The Lord’s prayer through Lent - No.5

“your kingdom come, your will be done on earth as in heaven”

 

The problem: Life is very demanding and it is difficult to sit down and pray. 

The answer:  We find a different way to pray.

The model:  We turn to the Lord’s prayer as we go about the day to stimulate our prayer. 

 

Your kingdom come….”  What are your first thoughts when you come to this part of the prayer?  Perhaps the first thought should be a question – well whose kingdom is here at the moment?  Whose kingdom am I living in if it isn’t God’s.  The answer is – the kingdom of Satan, the kingdom of darkness.  Hence verses like Jn 12:31-33 & 14:30.  We are in the midst of a spiritual battle.  Of course the writing is on the wall, he is defeated (c.f. Col 2:13-15).  This world is in rebellion against God and aligns itself wittingly or unwittingly to his ways.  We are here to pray in his will and to do his will.  To be salt and light, to be harbingers of the Good News and hope.  We are his ambassadors, his emissaries.  We are his hands and his feet.  The war is bloody though and it won’t be easy.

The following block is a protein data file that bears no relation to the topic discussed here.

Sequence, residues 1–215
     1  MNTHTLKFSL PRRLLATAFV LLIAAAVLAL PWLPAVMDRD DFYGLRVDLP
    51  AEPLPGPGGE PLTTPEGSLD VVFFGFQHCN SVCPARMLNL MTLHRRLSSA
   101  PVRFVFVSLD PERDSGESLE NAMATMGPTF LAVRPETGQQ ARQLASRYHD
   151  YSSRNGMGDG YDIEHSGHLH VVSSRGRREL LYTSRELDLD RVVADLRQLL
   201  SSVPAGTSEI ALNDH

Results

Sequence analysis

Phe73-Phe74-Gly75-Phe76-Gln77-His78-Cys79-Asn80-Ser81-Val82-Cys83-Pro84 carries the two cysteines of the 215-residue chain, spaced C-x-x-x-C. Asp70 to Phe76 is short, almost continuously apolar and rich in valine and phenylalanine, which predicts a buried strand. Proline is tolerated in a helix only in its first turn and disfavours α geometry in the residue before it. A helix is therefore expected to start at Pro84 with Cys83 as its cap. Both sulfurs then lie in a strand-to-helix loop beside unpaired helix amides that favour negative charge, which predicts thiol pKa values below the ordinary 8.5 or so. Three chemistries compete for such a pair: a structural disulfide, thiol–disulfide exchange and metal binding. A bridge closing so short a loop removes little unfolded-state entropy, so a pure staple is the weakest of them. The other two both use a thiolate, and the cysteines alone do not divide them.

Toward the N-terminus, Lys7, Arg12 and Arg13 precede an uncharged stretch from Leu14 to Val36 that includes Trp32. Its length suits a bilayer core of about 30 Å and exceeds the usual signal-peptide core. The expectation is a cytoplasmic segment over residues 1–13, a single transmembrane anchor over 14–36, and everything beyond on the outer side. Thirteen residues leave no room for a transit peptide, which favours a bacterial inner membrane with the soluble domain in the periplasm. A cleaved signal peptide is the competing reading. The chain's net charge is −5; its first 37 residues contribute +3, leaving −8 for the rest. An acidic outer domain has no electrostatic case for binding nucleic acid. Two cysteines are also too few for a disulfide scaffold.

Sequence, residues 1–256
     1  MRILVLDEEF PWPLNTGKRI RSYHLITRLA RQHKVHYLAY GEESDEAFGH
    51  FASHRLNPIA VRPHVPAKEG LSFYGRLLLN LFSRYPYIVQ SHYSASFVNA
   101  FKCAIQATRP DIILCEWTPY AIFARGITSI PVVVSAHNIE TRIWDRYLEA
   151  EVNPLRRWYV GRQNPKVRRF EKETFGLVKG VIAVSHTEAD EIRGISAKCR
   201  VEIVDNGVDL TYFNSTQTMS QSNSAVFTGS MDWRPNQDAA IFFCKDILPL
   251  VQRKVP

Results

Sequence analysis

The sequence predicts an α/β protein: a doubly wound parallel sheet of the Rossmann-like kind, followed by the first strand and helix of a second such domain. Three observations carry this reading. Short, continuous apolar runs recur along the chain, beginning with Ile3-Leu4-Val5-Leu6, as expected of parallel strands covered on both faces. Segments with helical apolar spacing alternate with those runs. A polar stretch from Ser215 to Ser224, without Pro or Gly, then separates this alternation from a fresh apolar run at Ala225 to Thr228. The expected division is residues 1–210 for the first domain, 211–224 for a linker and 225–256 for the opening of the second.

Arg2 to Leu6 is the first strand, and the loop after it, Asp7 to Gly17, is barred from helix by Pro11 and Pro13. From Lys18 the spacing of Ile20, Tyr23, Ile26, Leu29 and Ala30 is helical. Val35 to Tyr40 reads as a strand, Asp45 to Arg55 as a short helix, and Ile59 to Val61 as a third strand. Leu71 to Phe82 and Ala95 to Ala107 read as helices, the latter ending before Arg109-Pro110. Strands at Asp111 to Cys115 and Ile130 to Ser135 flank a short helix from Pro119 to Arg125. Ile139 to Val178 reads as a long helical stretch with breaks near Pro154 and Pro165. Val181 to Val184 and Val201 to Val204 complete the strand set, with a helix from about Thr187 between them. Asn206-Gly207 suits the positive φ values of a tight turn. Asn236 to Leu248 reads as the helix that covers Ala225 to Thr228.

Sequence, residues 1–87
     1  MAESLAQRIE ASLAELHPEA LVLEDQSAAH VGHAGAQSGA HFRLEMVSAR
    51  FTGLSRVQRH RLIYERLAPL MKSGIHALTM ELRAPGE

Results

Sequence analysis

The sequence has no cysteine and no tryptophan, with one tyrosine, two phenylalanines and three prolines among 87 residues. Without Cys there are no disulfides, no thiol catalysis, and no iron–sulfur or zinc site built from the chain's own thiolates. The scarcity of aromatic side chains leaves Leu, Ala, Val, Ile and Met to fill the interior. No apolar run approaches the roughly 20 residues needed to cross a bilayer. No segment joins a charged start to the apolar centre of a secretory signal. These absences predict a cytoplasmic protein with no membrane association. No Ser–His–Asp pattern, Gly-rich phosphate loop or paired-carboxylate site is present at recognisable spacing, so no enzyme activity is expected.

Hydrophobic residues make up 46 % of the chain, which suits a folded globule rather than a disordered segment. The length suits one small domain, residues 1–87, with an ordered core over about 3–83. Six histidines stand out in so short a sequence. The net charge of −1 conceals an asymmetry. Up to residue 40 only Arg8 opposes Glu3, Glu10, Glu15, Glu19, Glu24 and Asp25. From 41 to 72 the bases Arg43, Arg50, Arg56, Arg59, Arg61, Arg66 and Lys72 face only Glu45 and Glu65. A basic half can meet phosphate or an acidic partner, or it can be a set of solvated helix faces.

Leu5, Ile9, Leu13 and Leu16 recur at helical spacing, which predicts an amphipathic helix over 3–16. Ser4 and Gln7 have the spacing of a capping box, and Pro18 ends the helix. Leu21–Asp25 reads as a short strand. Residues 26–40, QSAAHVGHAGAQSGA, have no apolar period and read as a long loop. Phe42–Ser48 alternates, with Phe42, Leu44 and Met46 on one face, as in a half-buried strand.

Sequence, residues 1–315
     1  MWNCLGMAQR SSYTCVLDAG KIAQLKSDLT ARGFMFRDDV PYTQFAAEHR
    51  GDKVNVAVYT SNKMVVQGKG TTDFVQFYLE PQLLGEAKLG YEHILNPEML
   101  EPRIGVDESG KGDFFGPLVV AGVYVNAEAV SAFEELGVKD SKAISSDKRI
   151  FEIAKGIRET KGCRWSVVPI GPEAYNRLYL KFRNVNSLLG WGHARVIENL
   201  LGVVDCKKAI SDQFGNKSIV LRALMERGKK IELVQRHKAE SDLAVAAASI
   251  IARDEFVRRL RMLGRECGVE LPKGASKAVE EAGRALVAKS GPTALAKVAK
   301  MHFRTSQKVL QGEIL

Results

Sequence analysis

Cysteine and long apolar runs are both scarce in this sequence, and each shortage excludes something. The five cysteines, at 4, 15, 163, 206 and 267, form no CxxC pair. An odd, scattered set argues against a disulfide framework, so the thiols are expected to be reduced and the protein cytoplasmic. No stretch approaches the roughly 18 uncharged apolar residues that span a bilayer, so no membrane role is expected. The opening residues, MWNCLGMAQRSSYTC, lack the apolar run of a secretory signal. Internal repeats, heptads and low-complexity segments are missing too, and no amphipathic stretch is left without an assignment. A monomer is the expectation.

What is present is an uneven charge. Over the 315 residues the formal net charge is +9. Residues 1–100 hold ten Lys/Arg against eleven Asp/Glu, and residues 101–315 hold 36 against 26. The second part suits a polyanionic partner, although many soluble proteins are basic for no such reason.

There is a second kingdom struggle though – and that is with the desire to establish our own kingdom.   This part of the prayer is radical….and if you aren’t a Christian before saying it, you will be after saying – at least if you mean it.  It is submitting ourselves to God’s will. I am reminded of the time when Jesus was in the Garden of Gethsemane – when he is praying the night before his crucifixion.  He says “Father, if you are willing, take this cup from me; yet not my will, but yours be done”.   That is just as much a kingdom battle, the battle against our own flesh – “the spirit is willing but the flesh is weak”, Paul tells us.   And so, when you pray this – remember Jesus’ own battle, and use his words “not my will, but yours be done”.

Peter HarwoodComment